Japan's health ministry along with the Tokyo metropolitan government asked hospitals in the capital on Monday to secure beds and accept as many COVID-19 patients as possible in the first such state-level request, as a recent resurgence in infections outstrips the city's medical system.
To further relieve strain on hospitals in Tokyo, the metropolitan government started operating the same day a facility to provide oxygen support to COVID-19 patients with relatively mild symptoms.
As the Japanese capital has been witnessing record levels of coronavirus cases in recent weeks, health minister Norihisa Tamura and Tokyo Gov. Yuriko Koike held a meeting and decided to take stronger measures on medical institutions by making the request to the hospitals under a revised infectious disease law.
Under the law revised in February, the ministry and Tokyo government can expose the names of hospitals that do not have a valid reason, such as lack of medical staff, for noncompliance to the request in securing beds.
"Infections driven by the Delta variant are unlike anything we have seen before," Tamura told reporters after the meeting. "I would like to ask for (the hospitals') help to get through this difficult situation."
While 4,034 COVID-19 patients have been hospitalized as of Monday, the Tokyo government aims to add about 600 hospital beds to raise the total to 7,000 beds available for such patients.
Still, the effect of the latest step remains unclear.
"As many hospitals are already in a difficult situation to proactively accept patients who may become seriously ill, it would be hard to change their policy even if the names of hospitals are made public," said Tetsuya Matsumoto, a professor of infectious diseases at International University of Health and Welfare.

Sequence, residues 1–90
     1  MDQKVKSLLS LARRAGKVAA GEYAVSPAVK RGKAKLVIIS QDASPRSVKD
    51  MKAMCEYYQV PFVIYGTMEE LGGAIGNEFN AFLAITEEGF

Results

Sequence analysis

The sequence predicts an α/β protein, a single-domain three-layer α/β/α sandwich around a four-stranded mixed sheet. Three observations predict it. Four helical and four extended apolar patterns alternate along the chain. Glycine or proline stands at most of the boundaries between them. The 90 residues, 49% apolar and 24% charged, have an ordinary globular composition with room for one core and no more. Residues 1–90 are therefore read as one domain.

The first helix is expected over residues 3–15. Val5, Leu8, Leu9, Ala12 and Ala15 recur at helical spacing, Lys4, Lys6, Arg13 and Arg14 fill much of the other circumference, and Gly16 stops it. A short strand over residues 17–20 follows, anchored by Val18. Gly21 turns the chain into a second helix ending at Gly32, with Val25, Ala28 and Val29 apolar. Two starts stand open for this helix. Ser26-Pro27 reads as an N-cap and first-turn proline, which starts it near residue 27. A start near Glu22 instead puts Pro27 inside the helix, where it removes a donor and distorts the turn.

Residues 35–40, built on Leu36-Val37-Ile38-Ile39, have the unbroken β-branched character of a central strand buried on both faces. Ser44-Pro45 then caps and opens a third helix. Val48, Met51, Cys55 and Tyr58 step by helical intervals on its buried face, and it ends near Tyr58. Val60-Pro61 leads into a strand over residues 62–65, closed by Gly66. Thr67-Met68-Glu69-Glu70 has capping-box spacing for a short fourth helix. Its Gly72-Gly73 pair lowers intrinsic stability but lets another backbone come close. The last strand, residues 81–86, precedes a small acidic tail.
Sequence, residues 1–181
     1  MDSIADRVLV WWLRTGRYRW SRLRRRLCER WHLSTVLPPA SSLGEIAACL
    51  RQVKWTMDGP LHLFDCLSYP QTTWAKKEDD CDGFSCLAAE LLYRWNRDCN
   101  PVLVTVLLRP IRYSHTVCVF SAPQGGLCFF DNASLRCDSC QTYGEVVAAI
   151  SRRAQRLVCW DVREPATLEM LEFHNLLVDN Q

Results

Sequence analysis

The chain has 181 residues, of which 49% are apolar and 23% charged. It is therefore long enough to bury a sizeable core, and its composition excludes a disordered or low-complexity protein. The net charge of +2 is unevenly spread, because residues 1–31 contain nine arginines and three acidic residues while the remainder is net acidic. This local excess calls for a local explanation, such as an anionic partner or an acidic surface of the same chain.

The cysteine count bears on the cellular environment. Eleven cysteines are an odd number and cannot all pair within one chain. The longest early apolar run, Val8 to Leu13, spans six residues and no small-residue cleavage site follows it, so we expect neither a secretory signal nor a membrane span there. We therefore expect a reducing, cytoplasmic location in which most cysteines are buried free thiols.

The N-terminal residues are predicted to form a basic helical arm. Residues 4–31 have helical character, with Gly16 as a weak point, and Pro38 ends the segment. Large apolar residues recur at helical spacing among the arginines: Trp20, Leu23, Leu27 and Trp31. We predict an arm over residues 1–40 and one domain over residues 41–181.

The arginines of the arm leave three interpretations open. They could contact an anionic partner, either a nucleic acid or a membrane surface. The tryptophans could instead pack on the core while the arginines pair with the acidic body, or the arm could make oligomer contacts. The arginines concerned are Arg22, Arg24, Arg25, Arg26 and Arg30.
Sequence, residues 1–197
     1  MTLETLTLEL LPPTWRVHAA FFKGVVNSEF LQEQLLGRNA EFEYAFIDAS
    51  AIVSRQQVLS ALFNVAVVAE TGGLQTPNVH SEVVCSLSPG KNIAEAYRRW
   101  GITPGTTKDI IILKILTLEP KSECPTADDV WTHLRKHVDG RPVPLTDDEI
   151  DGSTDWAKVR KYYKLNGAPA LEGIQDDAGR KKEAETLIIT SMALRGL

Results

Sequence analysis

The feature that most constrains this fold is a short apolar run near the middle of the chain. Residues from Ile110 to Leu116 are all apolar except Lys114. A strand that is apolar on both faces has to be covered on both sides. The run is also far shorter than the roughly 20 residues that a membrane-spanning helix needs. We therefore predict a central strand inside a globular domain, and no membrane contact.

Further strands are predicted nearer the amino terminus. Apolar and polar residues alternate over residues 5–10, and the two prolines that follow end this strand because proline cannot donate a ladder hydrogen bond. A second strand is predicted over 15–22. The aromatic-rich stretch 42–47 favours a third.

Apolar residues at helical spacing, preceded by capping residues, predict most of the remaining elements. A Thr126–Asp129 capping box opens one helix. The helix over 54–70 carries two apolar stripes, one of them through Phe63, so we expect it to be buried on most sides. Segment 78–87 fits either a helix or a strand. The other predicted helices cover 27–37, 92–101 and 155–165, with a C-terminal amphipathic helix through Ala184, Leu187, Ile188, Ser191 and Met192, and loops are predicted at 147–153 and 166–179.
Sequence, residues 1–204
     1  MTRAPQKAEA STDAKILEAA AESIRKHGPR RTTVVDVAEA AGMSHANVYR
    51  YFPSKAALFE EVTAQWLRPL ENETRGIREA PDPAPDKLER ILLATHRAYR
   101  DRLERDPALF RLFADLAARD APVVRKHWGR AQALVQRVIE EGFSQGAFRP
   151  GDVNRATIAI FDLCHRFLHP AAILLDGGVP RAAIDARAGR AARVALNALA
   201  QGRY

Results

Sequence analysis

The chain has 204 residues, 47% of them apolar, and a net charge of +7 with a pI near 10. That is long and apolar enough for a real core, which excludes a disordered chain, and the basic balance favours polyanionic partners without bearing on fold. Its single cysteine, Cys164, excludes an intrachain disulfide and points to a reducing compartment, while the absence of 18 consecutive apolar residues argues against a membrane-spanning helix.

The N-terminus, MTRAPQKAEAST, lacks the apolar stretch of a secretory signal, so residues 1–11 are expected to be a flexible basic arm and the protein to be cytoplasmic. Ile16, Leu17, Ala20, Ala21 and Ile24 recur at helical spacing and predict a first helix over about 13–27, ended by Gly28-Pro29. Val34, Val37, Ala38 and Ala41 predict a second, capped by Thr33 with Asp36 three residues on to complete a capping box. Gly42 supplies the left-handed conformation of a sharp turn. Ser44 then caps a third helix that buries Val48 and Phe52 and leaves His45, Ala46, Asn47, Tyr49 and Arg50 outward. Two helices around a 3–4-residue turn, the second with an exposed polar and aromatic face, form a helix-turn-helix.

Tamura and Koike also decided to ask hospitals, universities with medical departments and nursing schools to dispatch staff who will be stationed at facilities such as an oxygen station to treat COVID-19 patients.
The 24-hour oxygen station set up by the metropolitan government in the capital's Shibuya Ward has 130 beds and is staffed by three doctors and 25 nurses.
It is designed to treat patients who have been asked to recuperate at home but who experience concerns over breathing. Stays are likely to be short term, such as one or two nights.
The station was opened in the former site of the National Children's Castle, a complex that contained play and educational facilities for children.
As of Sunday, more than 39,000 patients in Tokyo are recovering at home or elsewhere without hospital admission, underscoring the urgent need to expand the support system in the capital.
Meanwhile, the central government is currently considering whether there is a need to expand a COVID-19 state of emergency to other areas beyond Tokyo and 12 other prefectures, government sources said.
The government's top spokesman Katsunobu Kato said at a press conference Monday the governors of Aichi, Gifu, Mie and Hokkaido have asked the central government to declare the emergency in their areas.
In Osaka Prefecture, also under the state of emergency, a site opened to provide AstraZeneca Plc's COVID-19 vaccine at Shiromi Hall, a multipurpose hall in Osaka Castle Park in Osaka city. The move came as the prefecture has seen daily infections top 2,000 since Aug. 18, with the city accounting for some 40 percent of the cases.
The Ministry of Health, Labor and Welfare approved the AstraZeneca vaccine in May, but the government initially withheld supplying the doses, taking into consideration reported rare cases of blood clots among young people overseas.
It began supplying it to prefectures most in need of additional doses such as Tokyo and Osaka earlier this month for use on people aged 40 or older, and those aged 18 or above who cannot take the Pfizer or Moderna doses due to reasons such as allergic reactions. The two shots are administered with a gap of eight weeks.
The city government is planning to open another vaccination site at the Osaka City Air Terminal building from Aug. 30.
Kawaguchi in Saitama Prefecture neighboring Tokyo also started on Monday AstraZeneca shots in principle to those aged 40 or above. Reservation slots of 500 per day have been filled up for the entire week.
Japan's inoculation rate still lags far behind other advanced economies, with roughly 51 million people, or just over 40 percent of the population of 125 million, having received two doses as of Monday.